Behind the Scenes of Patient Rahul’s Story

Dr. Kristen Attwell-Pope

In the Multiple Sclerosis (MS) world, we are 100 per cent reliant on treating people with the use of MRI.

Everything about our Multiple Sclerosis Clinic at Royal Jubilee Hospital revolves around MRI scanners and monitoring. We have thousands of patients relying on this imaging technology.

MRI is completely integral to the type and quality of care we provide.

MS is an inflammatory disease, where one’s immune system attacks their brain and spinal cord, and can lead to permanent disability.

Over the last 10 years, even since Rahul was diagnosed, the care of MS patients has transitioned to a highly effective therapeutic approach. If you are newly diagnosed with MS today, we expect to put you into remission with the treatments. We don’t cure the disease, but incredible medications prevent MS relapse or attacks.

Before we put our patients on a medication, we want to know if they have a mild form of MS, or more aggressive, active MS. By using MRI and information from each patient’s history and physical examination, we can choose the right therapy to bring their disease under control. With regular MRI scans, we can ensure the medication is working and also safely lower their dose, as our goal is to not over-treat patients.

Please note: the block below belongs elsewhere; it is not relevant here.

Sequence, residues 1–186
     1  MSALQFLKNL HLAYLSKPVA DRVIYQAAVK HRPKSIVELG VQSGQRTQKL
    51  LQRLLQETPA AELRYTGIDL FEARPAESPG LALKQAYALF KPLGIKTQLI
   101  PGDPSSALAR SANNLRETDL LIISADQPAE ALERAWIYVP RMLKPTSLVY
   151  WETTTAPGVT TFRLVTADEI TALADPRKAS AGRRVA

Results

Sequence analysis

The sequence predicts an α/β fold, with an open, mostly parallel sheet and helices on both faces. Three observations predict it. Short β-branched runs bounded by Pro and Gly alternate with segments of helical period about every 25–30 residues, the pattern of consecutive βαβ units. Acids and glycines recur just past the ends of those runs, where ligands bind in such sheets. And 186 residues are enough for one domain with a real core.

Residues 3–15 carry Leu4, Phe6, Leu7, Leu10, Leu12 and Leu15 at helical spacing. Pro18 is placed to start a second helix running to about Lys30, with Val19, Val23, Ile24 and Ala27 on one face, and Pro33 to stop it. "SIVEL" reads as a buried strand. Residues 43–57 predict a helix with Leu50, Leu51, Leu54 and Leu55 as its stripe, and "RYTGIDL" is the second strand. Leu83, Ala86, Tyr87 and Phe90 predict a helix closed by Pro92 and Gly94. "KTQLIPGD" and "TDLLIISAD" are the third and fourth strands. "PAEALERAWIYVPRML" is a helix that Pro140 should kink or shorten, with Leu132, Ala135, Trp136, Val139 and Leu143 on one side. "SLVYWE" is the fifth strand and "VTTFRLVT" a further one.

For Rahul, we are just about to embark on extending the length of time between his doses, and we’ll use MRI to know it hasn’t caused his MS to break-through, or relapse. We’ve been on a journey together for many years. The best part of my job is that I get to know my patients well, as I follow them through challenging times, but also good times. MS is a difficult disease but when we have the right tools and the right therapies, we can change people’s lives. There is nothing more rewarding.

All of our patients who are on treatment, are getting an MRI at least once a year. Over decades, they may have had 20 MRIs, or more.

There are so many needs within the healthcare system, but you cannot function as a community without MRI technology being accessible. I can’t think of a tool more valuable to the care of our patients.

The latest MRI technology enhances the quality of the images, which gives us the best possible information about our patients’ brains and spinal cords. The generosity of VHF donors can help to ensure we have clarity—and that, truly is invaluable.

—Dr. Kristen Attwell-Pope

Neurologist, Multiple Sclerosis Clinic, Royal Jubilee Hospital &
Medical Director for Brain Health, Vancouver Island